I have, for the last few hours, been musing about two movies I watched over the weekend. For those doing the maths: yes, that means I get up obscenely early. Yes, I wish it were otherwise. Screw the goddamn apnea.
Anyway, the movies.The first, Comet, is a small movie that charts the relationship between two characters over a six-year period, with numerous cuts back-and-forth in time. The second, 28 Hotel Rooms, is a small movie that charts the relationship between a man and a woman having an affair in a succession of hotel rooms, never seeing them outside of that context.
I picked them both for the actors involved and because the synopsis sounded vaguely interesting. And they were both…odd.
Is odd the right word? I’m not sure. They’re not necessarily movies I enjoyed, but movies I enjoyed watching. Movies where I appreciated the attempt and found the performances engaging, but found myself distracted by other stuff they were doing.
This is not surprising. Both films belong to a very specific film genre, where the narrative is driven by two characters talking to one another. The kind of movie one reviewer dubs scenes from a relationship in his review of Comet, while pointing out the essential risk:
It takes a certain degree of cinematic courage (or madness) to tell a story that really only has two characters. If your leads don’t have chemistry; if we don’t believe their relationship; if we just find ONE of them unlikable—you’re in serious trouble. One could program an entire alterna-Sundance of independent films that failed one of these “ifs.” – Brian Tallerico
I’ll admit, I’m a fan of the scenes from a relationship approach to movies, courtesy of my exposure to Richard Linklater’s Before Sunrise at an impressionable age. I’ll sit down and watch almost any film that gives it a go, but they’re often gruelling films to get through for all the reasons Tallerico notes. Hell, all the sequels for Before Sunrise – much as I love them – are movies where I need to fortify myself with unicorns and scotch before watching.
Being a fan of the genre, it infects my writing. If you throw in random dragons or kaiju invasions, a fair number of my stories are basically the scenes from a relationship approach.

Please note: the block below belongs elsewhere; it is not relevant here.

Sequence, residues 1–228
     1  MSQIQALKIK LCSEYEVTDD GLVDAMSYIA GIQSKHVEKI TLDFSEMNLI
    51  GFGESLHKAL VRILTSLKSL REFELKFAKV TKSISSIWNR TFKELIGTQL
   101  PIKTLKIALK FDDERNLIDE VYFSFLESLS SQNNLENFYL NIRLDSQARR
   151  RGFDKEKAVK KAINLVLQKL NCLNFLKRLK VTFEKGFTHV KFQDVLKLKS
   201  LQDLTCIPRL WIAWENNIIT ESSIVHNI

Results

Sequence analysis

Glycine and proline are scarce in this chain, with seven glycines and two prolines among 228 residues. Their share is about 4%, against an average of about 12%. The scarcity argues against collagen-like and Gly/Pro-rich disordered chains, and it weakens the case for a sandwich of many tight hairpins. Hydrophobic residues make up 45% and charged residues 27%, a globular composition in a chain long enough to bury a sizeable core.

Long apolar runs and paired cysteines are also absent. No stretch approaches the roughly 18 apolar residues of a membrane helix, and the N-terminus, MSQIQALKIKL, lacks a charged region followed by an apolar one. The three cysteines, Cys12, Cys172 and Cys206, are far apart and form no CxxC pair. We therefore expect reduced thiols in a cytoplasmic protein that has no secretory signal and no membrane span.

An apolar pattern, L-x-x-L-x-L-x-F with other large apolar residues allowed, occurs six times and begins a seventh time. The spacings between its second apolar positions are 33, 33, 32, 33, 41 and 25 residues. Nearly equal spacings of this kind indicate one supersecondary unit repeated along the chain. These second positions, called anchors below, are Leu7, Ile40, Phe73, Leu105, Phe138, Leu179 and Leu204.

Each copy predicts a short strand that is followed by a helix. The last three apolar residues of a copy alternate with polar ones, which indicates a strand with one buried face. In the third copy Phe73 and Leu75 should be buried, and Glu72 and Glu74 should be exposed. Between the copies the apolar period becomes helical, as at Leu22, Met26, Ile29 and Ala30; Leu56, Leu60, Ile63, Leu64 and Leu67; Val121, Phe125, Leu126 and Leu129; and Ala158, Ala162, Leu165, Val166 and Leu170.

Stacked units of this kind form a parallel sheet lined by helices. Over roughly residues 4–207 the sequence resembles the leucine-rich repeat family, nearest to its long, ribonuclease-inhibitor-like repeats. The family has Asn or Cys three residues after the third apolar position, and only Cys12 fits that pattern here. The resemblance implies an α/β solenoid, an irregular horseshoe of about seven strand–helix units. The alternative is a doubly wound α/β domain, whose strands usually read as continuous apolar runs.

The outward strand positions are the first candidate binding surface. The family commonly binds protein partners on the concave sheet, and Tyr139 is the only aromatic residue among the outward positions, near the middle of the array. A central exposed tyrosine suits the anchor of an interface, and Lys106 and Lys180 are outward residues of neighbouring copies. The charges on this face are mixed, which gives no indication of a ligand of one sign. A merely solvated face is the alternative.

So I brood about this kind of stuff. The difficulty of getting it right. And I think, perhaps, it goes a step beyond the thread of one character being likable or not. When I teach courses on character, I often point out that three is a magic number. In general, for writers, and definitely when thinking about characters. For some reason, the folk populating books and stories just work better when they have more than one other person to interact with.
For me, this is a question of context and subtext. At our core, we recognise that the faces we wear in a particular context are merely convenient truths. The person we are at work does not match the person we are in leisure, which does not match the person we are when left alone and free to delve into the less pleasant parts of our personality.
Truth, when it comes to identity, is inherently fluid.
This makes triads, at a bare minimum, far more interesting that films where two characters spend all their time talking too the other person. When you introduce a third person, you introduce subtext – the relationship a particular character has with one of their compatriots will not resemble the relationship they have with another.
You introduce new power dynamics, ’cause two people can gang up against a third, or try to curry favour and sway someone to their side of an argument.
You add subtext, since each character now needs to wear two masks.
We crave subtext, as an audience. It allows us to judge a character on our terms, instead of theirs. Allows us to peer beneath the mask. We can figure out who the character really is by charting a point between what they’re telling us and what we can pick up from their interactions.
When it comes to charting a course, three points of reference are better than two.
It’s why so many rom-coms will have sassy best friends and slacker room-mates littered through the plot. It only takes one scene of a protagonist talking to their best friend for the depth to appear, even if they’re in relative agreement about things. It’s why action heroes have sidekicks. Why pretty much every movie or book, ever, will have a subplot in which other characters appear.
Scenes from a relationship movies frequently abandon that conceit. In both Comet and 28 Hotel Rooms, interaction with secondary characters is minimal. The IMDB page for the latter lists exactly four characters, and only two have more than a single line. Comet goes so far as to have four characters that have actual dialogue exchanges, but only the two leads last longer than the opening act. And the first act of the film is when it’s at its most interesting, because of those dynamics.
Both films try to make up for the lack of additional interpersonal contexts by checking in on the character over the length of their relationship, but there’s only so much subtext that can be wrung out of that approach. The characters evolve or grow, but only within a tightly defined context. The mask worn over the course of a relationship may grow and change, but it’s still the relationship mask.
When I go back and look at Before Sunrise, which remains the high-water mark of the genre for me, it’s interesting how many additional characters intrude on the couple over the course of the film, providing a new shot of energy into the film even if they only last for the length of a scene.
Characters work best in groups, because they bring the audience on board as a collaborator. It makes them an active participant in the meaning of story, even if they aren’t really aware of it.